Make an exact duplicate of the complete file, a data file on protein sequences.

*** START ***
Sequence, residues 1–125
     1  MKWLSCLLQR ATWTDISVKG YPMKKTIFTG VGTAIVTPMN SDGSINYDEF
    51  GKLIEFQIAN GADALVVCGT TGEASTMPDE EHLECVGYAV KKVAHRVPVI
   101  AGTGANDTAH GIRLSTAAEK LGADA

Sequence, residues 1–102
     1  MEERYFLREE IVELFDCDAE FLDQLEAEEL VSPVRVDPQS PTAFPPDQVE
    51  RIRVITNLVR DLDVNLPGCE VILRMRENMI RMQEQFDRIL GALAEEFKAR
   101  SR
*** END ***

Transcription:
Sequence, residues 1–125
     1  MKWLSCLLQR ATWTDISVKG YPMKKTIFTG VGTAIVTPMN SDGSINYDEF
    51  GKLIEFQIAN GADALVVCGT TGEASTMPDE EHLECVGYAV KKVAHRVPVI
   101  AGTGANDTAH GIRLSTAAEK LGADA

Sequence, residues 1–102
     1  MEERYFLREE IVELFDCDAE FLDQLEAEEL VSPVRVDPQS PTAFPPDQVE
    51  RIRVITNLVR DLDVNLPGCE VILRMRENMI RMQEQFDRIL GALAEEFKAR
   101  SR